Democrats have drafted a proposal of rules for Congress once they take over the House of Representatives in January. One of the proposals is doing away with a 181-year ban on religious headwear, like hijabs, on the House floor. One of the first Muslim women who was just elected to the House, Ilhan Omar, is spearheading the policy change, ABC News reported.
Nancy Pelosi, who is expected to retake the Speakership, proposed the rule change last week. She's working with Ranking Member Jim McGovern and Omar on making the proposal a reality.
Omar has been outspoken about her desire to wear her hijab.
No one puts a scarf on my head but me. It’s my choice—one protected by the first amendment.— Ilhan Omar (@IlhanMN) November 17, 2018
And this is not the last ban I’m going to work to lift. https://t.co/7U3ZLTaWur
"I hope this will also help our Muslim schoolgirls who feel challenged or harassed when they wear a headscarf."— BBC News Africa (@BBCAfrica) November 30, 2018
The first Somali-American congresswoman @IlhanMN, is campaigning for a change in the law to allow the wearing of religious headwear in Congress. ???? pic.twitter.com/2qPAf7PDcI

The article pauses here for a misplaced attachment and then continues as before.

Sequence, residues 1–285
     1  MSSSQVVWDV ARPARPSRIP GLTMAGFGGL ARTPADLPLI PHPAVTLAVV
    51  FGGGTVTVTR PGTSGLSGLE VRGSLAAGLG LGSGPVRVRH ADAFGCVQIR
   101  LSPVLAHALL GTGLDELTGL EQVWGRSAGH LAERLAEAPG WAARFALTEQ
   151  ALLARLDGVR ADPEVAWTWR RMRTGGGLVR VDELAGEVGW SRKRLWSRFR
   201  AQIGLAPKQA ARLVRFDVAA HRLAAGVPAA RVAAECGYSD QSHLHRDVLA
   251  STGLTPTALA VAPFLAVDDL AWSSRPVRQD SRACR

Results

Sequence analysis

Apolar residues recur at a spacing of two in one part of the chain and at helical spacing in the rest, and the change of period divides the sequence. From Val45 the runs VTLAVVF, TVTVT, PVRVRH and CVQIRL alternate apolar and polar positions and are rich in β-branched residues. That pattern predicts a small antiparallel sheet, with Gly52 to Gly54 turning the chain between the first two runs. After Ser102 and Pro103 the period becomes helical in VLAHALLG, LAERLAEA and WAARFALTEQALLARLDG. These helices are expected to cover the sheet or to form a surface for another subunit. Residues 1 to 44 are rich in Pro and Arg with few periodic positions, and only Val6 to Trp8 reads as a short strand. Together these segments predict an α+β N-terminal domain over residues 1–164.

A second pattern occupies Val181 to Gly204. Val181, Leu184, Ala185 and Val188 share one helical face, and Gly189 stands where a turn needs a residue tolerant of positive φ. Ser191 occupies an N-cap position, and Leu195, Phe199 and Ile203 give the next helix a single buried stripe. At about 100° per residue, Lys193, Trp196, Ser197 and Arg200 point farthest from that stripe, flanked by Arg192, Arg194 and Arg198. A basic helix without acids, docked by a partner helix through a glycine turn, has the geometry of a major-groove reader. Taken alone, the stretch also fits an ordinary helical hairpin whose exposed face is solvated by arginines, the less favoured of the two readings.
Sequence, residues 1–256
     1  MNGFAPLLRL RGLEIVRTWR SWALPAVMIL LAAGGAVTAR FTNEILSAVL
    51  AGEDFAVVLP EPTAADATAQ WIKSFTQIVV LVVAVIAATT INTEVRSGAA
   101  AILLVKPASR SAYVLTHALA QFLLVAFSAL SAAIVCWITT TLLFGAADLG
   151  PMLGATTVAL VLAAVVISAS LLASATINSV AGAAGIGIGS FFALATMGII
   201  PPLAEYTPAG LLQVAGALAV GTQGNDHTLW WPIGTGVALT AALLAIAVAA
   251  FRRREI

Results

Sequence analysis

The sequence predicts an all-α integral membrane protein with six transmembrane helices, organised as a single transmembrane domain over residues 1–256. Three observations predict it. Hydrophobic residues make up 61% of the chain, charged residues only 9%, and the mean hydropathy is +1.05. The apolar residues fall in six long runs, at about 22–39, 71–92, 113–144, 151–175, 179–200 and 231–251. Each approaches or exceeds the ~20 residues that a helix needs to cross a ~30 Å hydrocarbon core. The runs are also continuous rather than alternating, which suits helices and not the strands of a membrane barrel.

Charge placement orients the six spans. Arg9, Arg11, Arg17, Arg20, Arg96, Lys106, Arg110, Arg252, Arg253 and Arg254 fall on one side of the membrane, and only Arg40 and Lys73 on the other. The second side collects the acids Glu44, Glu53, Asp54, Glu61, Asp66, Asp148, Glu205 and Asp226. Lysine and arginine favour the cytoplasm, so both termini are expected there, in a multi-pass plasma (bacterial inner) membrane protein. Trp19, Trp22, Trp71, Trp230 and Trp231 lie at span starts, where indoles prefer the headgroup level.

Here's what the current Congressional rules say:
“During the session of the House, a Member, Delegate, or Resident Commissioner may not wear a hat or remain by the Clerk’s desk during the call of the roll or the counting of ballots,” the section reads. “A person on the floor of the House may not smoke or use a mobile electronic device that impairs decorum. The Sergeant-at-Arms is charged with the strict enforcement of this clause.”
Frederica Wilson tried fighting the rule back in 2010 because she wanted to wear colorful cowboy hats while on the floor. It didn't seem to take hold though.
According to Roll Call, Omar will have a number of "firsts." She'll be the first member of Congress to wear a religious headpiece on the floor of the House, the first Somali-American in Congress and the first woman of color to represent Minnesota in Washington, D.C. Omar and Michigan's Rashida Tlaib are the first two Muslim women in Congress.